QqOrbitrap (QExactive, Thermo)

The Q Exactive is a hybrid mass spectrometer combining the performances of a quaripole for the precise selection of precursors and an orbitrap for a high resolution and an accurate mass (HR/AM) detection.

This configuration allows to increase the scanning speed and offers new multiplexing possibilities, making it compatible with ultra fast chromatography.

The Q Exactive is adapted to routine bottom-up analyses for the identification of proteins as well as semi-quantitative analyses (isotopic labeling) and targeted analyses such as PRM (parallel reaction monitoring) thanks to the high resolution of the orbitrap.

Application domains

  • Identification of proteins from a simple mixture (direct injection) or from a complex mixture after a 1D or 2D LC separation.
  • Searching for exact masses of modifications
  • Quantification of peptides following an ITRAQ,ICAT, TMT or SILAC labeling

Measurement principle

The configuration QqOrbitrap combines two advantages : the first quadripole allows to rapidly select ions of interest since the application of the voltage is very brief and since there’s no scanning, and the second quadripole set to HCD allows to fragment the peptides on a similar time scale. Moreover, the in-space separation and the possibility of working at high resolution in both MS and MS/MS modes opens the field to multiplex analyses.

The ions formed in the electrospray source (the only source available commercially for this instrument) are accelerated and enter the orbitrap analyzer to be separated according to the mass/charge ratio. The orbitrap is composed of a hollow electrode inside of which a spindle-like electrode is co-axially placed. The specific forms of these two electrodes allows the application of a quadripolar electrostatic field following the z axis of the electrodes. The ions are injected tangentially to the central electrode and trapped around it by the electrostatic force that compensates the centrifuge forces. The movement of the ions can thus be decomposed as such: a circular movement around the central electrode in the (xy) plane and an oscillatory back and forth movement following the z axis. In particular, ions with a given m/z are on the same circular trajectory that oscillates with a frequency f that is independent of the speed and the energy of the ions. Just like with the FT-ICR, the current induced by these oscillations allows to access the m/z values via a Fourier transform. A modification of the signal treatment has been implemented. The transients detected by the orbitrap are treated by optimized Fourier transform (eFT™) to convert the temporal signal into a frequency then into an m/z ratio. These calculations have been detailed by [ ]. The calculation of the Fourier transform uses complex numbers that can be assimilated to the signal’s amplitude and phase, or by a real part and an imaginary part in mathematics. Since the initial phase of the ion packet depends of the initial parameters at the moment of the injection in a relatively complex way, the FT spectra are generally interpreted in the so-called "amplitude" mode, this is to say the phase information is not taken into account. However, with the orbitrap, the excitation mechanism by injection provides an initial phase that is independent of the m/z ratio in a first approximation. This synchronization allows to convert the spectra in a way that the real part of the data can be exploited, which permits to obtain finer peaks. Practically, this eFT mode allows to enhance the mass precision and peak profiles by using the real and imaginary parts. The synchronization is better if the detection starts right after the end of the injection. This principle has been applied by decreasing the delay between the injection and the detection from around 10 ms to a fraction of a ms, which is equivalent to increasing the resolution by factor slightly less than 2 for the same transient recording (except for proteins whose signal degrades rapidly by a factor of 1.4 by collision with residual gas molecules). The time is takes to treat the data remains inferior to the acquisition and injection time. However, to be efficient, the eFT demands a very good electronic synchronization and remains sensitive to information transfer delay. The measurement precision remains comparable to that obtained by classic FT.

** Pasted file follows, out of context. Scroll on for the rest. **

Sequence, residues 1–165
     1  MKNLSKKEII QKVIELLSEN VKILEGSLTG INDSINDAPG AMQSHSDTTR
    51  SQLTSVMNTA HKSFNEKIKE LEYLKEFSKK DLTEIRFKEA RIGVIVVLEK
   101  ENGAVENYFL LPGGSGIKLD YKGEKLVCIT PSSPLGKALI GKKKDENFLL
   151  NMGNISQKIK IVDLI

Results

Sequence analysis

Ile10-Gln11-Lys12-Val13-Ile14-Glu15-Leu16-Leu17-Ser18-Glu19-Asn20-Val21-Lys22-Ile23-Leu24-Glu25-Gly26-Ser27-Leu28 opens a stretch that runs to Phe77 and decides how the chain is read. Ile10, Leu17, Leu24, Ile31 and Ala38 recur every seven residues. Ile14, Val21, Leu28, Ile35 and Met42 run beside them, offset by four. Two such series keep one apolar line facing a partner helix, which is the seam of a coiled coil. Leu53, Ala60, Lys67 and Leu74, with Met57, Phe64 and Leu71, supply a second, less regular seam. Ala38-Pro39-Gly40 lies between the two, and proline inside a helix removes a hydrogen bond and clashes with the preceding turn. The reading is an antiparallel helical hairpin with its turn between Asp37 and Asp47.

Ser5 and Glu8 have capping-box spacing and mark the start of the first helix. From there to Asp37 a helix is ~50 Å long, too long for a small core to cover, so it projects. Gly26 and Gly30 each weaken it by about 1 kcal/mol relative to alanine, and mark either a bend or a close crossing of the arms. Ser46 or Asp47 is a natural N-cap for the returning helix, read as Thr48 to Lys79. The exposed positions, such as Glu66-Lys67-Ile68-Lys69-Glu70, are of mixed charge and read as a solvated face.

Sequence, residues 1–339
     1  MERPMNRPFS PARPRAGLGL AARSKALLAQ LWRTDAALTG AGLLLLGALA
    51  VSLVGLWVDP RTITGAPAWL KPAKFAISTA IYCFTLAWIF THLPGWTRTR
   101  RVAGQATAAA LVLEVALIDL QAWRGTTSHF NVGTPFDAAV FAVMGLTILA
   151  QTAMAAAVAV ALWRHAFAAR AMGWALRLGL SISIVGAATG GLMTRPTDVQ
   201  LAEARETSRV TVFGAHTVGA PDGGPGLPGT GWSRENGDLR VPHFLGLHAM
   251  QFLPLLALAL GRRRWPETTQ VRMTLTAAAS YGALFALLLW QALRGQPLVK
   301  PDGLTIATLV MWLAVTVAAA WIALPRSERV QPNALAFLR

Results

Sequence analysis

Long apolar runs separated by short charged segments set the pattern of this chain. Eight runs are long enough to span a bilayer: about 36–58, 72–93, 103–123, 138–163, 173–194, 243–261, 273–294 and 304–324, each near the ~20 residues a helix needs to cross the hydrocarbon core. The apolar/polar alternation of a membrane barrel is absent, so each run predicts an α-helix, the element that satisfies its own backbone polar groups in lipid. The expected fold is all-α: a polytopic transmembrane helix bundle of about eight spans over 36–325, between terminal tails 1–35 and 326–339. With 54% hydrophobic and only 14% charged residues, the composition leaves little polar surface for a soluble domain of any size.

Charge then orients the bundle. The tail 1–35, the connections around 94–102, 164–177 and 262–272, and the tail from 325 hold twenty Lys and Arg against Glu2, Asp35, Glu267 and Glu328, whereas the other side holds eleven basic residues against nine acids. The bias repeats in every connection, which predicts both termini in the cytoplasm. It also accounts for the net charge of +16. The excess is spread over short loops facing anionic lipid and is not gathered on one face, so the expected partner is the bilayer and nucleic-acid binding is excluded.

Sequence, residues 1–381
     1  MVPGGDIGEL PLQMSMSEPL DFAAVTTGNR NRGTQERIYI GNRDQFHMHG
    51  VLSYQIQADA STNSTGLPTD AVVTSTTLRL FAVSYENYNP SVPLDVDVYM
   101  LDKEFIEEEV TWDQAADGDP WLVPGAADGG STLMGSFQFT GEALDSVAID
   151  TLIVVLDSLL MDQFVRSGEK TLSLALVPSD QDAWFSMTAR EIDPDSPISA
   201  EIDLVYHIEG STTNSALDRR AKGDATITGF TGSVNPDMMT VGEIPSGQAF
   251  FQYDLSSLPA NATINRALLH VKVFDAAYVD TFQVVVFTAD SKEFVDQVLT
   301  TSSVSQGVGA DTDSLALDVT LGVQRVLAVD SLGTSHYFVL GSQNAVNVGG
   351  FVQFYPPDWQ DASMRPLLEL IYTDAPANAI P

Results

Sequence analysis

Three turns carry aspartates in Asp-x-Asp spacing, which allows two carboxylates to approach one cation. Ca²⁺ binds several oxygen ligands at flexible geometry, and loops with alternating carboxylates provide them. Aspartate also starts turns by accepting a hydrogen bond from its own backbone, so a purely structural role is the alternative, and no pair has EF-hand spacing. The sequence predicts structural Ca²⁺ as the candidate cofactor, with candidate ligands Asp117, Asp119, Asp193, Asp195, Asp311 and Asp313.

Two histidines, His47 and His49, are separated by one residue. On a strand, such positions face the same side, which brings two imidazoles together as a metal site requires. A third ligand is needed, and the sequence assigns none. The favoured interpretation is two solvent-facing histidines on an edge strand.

The precursor selection that’s done "in-space" (in the quadripole) is extremely rapid. This allows a complex association of MS and MS/MS operations followed by a high resolution analysis in the orbitrap (see [193]).

In Selected Ion Monitoring (SIM) a narrow mass range is accumulated to increase the signal to noise ratio of an ion of interest. SIM analyses are possible in the LTQ-Orbitrap configurations, but are not often used. Indeed (1) the isolation in SIM mode in the linear trap is relatively slow, (2) the number of ions that can be isolated is limited by space charge effects, (3) the analysis in the orbitrap of a single SIM scan is long. The Q Exactive doesn’t suffer from the same limitations. In SIM mode the C-trap is used as an ion storage zone and is filled with the desired number of ions. In multiplex analyses in SIM mode, up to 10 ions of different m/z ratios can be stored in the C-trap before being simultaneously injected and analyzed in the orbitrap (see figure 1). Since fill times are shorter than transient detection times, the orbitrap is used in a much more efficient way in multiplex analyses.


See also...


Application domains Identification of proteins in simple mixtures (purified by 1D or 2D acrylamide gels) or in complex mixtures after an LC (...) 

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LTQ-FT-ICR (Thermo)

Domain of applications Identification of proteins in simple mixtures (direct injection), on in complex mixtures following a 1D or 2D LC (...) 

> More...